Rudolph was Chairman of the School of Architecture at Yale University from 1957 to 1965, during which time he also designed its Art and Architecture Building, one of his most famous projects. Completed in 1963, the building's brutalist concrete form and spatially intricate interiors drew both accolades and criticism. The building is clad in grooved cast-concrete panels that were hammered by hand to create a rough "corduroy" texture that generates constantly shifting patterns of light and shadow, brilliantly captured in this ink drawing. Rudolph was one of few architects who drew their own presentation drawings; he used a distinctive technique of closely spaced lines drafted in ink and embellished with additional parallel and crosshatched lines to render depth and shade. The building created a complex sectional development of interlocking multistory spaces within a monumental structure, in the tradition of Frank Lloyd Wright. It is currently being renovated by Gwathmey Siegel & Associates Architects.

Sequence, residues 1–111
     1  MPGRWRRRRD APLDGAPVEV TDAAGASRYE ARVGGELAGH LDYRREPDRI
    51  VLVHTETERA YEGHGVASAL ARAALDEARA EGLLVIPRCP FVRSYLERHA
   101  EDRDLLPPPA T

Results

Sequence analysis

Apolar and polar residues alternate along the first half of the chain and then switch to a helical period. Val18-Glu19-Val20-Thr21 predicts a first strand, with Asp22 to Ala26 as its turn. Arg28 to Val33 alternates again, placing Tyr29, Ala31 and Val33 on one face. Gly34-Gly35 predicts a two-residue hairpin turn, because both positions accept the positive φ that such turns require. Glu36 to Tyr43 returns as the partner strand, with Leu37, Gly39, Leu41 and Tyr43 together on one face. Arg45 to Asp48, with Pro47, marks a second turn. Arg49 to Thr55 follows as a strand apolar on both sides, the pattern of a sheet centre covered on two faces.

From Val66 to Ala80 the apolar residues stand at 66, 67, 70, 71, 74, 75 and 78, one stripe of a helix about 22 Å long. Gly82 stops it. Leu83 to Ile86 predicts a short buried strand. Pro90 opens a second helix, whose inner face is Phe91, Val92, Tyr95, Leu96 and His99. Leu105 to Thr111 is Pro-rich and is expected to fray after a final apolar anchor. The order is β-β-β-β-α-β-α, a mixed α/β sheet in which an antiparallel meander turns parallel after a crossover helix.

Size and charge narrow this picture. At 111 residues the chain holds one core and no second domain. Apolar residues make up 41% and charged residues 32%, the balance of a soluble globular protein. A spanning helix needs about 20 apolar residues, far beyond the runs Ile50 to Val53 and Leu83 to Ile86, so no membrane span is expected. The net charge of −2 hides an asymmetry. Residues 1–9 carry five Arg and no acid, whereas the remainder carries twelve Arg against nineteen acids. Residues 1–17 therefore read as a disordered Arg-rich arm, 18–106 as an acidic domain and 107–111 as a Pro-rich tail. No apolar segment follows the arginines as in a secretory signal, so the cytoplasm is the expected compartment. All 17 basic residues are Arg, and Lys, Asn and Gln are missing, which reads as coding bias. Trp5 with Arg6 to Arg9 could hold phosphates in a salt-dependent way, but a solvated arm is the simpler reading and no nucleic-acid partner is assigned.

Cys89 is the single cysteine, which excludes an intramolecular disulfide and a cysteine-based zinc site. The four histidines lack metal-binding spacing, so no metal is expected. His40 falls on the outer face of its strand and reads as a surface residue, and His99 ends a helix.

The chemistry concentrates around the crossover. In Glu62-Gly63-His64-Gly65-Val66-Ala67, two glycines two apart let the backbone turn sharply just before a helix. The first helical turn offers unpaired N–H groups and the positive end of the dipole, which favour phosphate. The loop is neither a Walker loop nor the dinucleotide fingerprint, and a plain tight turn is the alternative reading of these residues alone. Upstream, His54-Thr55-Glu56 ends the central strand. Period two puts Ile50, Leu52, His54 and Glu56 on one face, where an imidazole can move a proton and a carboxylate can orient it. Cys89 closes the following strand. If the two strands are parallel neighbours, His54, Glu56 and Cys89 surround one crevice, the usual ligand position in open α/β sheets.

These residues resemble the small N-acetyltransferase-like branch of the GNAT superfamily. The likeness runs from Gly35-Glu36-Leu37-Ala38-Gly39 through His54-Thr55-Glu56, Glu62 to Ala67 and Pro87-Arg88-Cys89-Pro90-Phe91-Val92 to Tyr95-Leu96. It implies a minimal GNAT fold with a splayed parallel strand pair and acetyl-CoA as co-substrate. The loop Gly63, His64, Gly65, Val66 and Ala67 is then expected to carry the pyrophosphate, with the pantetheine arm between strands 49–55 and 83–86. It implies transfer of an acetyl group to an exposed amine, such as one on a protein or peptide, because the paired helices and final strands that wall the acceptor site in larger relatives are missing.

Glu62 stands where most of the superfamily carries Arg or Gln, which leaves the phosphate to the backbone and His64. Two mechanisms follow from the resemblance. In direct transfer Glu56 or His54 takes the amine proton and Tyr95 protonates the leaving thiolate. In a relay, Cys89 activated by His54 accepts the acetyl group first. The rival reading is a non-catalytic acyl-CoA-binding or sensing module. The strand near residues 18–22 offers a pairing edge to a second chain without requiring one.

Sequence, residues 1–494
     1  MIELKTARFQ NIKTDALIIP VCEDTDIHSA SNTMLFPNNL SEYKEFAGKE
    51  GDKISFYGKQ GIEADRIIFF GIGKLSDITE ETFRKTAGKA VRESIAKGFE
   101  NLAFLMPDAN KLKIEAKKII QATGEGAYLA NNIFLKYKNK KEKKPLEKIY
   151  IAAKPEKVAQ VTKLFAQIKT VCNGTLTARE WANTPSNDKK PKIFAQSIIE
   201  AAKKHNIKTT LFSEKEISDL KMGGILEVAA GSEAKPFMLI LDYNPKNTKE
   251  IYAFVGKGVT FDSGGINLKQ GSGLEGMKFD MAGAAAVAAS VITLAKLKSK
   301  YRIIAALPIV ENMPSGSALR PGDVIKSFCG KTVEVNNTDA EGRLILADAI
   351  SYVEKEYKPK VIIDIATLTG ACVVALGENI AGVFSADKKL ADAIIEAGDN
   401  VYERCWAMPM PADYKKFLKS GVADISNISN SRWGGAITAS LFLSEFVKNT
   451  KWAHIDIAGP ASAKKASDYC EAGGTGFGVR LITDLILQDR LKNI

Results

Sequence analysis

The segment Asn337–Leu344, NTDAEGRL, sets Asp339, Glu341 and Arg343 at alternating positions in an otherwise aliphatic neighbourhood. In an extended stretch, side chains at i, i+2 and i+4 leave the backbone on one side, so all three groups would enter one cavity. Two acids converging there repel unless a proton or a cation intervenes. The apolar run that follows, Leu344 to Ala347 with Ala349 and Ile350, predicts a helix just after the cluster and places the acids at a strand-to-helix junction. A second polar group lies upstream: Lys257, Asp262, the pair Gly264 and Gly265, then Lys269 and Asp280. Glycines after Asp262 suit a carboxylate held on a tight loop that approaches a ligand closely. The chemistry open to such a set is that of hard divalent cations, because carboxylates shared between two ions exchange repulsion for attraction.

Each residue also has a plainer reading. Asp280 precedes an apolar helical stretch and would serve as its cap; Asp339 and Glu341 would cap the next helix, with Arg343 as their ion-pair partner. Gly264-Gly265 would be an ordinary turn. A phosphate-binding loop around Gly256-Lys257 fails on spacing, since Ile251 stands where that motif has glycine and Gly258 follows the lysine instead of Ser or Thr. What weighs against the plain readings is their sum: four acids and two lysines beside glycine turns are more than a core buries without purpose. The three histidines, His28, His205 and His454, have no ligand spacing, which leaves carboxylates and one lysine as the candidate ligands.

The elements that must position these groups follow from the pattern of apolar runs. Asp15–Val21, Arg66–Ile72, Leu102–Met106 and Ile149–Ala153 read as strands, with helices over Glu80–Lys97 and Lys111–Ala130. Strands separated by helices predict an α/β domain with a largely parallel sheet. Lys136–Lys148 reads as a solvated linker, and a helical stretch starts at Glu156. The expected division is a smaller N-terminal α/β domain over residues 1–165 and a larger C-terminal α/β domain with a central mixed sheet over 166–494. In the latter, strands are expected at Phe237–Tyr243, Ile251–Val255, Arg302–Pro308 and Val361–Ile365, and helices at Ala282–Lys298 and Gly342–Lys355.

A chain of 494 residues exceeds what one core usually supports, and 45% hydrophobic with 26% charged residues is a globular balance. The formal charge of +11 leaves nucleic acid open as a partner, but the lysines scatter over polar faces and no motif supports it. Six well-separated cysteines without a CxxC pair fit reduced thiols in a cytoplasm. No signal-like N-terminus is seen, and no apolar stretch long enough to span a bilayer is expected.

Gallery label from 75 Years of Architecture at MoMA, 2007.